# Minimum number of comparisons sufficient to rank any set of $n$ objects?

Say you're given a set of objects, and you don't know the value of any of the objects, but, given a pair of two objects you are always told which one is bigger.

For a set $\{x_1, x_2, \cdots, x_n\}$, what is the minimum number of comparisons that will suffice to put all of its elements in ascending order of size: i.e. of the form $$\{y_1, y_2, \cdots, y_n\}$$ where $y_i\lt y_{i+1}$ for all $i$?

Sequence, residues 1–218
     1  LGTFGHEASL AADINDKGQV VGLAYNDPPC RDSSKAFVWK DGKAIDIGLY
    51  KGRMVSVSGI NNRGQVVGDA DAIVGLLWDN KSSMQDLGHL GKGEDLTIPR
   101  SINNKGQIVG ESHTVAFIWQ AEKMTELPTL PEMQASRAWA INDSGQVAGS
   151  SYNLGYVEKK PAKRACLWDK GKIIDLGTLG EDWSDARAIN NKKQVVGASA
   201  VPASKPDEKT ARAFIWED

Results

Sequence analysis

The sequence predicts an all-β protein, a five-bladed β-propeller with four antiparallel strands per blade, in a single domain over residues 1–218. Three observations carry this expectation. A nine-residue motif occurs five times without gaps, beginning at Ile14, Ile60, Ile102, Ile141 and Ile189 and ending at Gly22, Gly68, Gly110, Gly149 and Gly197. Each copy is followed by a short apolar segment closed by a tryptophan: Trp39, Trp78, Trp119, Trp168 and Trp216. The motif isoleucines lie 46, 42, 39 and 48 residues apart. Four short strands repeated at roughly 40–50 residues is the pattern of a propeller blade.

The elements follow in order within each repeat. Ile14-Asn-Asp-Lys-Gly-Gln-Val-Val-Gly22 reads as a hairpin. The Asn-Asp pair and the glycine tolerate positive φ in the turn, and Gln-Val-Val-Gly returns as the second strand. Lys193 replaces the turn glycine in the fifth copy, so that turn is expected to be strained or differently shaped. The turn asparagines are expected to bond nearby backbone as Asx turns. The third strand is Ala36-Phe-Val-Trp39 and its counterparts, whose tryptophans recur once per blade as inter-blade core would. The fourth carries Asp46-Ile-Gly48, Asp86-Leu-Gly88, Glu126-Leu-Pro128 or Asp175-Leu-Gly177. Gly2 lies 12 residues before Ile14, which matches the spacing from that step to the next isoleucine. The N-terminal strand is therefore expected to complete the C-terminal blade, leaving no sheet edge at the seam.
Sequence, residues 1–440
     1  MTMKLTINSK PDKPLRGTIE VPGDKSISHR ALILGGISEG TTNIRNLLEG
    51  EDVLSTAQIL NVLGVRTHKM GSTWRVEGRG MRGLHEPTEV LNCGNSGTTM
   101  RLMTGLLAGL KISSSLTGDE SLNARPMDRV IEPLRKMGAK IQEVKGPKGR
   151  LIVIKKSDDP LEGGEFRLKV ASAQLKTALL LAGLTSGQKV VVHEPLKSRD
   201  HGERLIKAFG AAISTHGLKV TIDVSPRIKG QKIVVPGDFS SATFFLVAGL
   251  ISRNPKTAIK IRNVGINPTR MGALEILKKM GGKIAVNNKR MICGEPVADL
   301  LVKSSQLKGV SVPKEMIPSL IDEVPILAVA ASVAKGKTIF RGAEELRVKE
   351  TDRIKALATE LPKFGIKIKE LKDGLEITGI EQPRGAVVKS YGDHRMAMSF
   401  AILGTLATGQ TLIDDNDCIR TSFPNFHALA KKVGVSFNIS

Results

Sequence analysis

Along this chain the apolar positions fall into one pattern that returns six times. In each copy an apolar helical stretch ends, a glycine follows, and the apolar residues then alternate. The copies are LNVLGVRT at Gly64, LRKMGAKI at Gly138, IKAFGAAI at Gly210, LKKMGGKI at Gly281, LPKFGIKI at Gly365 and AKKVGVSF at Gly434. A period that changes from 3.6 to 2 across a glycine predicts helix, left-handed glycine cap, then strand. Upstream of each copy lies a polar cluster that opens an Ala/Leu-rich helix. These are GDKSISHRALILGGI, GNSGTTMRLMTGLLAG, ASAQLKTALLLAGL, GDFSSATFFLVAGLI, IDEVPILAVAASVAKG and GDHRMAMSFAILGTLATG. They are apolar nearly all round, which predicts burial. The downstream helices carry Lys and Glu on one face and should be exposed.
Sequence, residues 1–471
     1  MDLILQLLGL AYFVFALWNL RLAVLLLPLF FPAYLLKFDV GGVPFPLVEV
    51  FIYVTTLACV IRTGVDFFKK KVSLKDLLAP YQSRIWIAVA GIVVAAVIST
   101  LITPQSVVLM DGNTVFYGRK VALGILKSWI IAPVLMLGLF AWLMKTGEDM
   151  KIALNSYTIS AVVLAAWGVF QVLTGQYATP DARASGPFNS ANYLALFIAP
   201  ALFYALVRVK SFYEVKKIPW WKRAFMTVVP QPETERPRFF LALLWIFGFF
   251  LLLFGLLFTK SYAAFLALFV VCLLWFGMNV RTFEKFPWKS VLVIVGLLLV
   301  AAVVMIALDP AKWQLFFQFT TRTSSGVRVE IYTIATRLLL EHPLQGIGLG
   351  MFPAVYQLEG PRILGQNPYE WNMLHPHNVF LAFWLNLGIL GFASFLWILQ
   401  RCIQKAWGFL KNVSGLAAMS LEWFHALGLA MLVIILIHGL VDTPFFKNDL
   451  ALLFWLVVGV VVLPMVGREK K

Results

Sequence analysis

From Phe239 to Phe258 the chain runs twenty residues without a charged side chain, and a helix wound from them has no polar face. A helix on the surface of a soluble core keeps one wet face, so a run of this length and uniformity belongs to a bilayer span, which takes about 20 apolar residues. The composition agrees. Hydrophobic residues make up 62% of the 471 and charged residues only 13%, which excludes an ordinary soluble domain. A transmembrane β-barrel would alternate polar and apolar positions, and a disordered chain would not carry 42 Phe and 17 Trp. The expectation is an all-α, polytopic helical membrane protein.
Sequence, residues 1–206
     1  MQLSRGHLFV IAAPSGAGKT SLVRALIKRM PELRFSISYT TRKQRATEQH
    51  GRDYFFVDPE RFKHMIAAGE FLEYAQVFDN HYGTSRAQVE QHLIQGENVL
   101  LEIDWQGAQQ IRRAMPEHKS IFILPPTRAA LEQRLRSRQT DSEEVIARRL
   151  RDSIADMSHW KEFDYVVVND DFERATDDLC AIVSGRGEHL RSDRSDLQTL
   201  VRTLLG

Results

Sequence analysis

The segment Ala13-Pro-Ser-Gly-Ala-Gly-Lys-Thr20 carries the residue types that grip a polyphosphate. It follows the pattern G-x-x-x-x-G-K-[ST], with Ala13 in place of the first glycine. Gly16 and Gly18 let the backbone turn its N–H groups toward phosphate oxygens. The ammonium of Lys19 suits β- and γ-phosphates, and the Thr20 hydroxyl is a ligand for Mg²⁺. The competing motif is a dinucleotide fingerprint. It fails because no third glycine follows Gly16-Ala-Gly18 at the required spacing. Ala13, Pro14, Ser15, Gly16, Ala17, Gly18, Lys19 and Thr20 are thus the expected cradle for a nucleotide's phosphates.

Obviously this is easy to determine for small $n$ (by trial and error), but as $n$ increases, I'm not sure which comparisons are redundant.

• This is $n\log(n)$ asymptotically - well studied. See en.wikipedia.org/wiki/Sorting_algorithm. – Ethan Bolker Feb 27 '16 at 1:48
• There are a total of $n!$ permutations, hence you need at least $\log_2 n!\sim n\log_2 n$ comparisons. – A.S. Feb 27 '16 at 2:14
• @EthanBolker How should I turn that into an integer? Obviously $n \log (n)$ is not always a whole number. – beep-boop Feb 27 '16 at 4:00
• @RobArthan What I mean is: what's the max number of comparisons needed to be able to list all elements of the set in order of size. – beep-boop Feb 27 '16 at 4:03
• As of Aug 2011, the exact value of minimum number of comparision is not known for $n = 16$, see OEIS A036604. – achille hui Feb 27 '16 at 4:29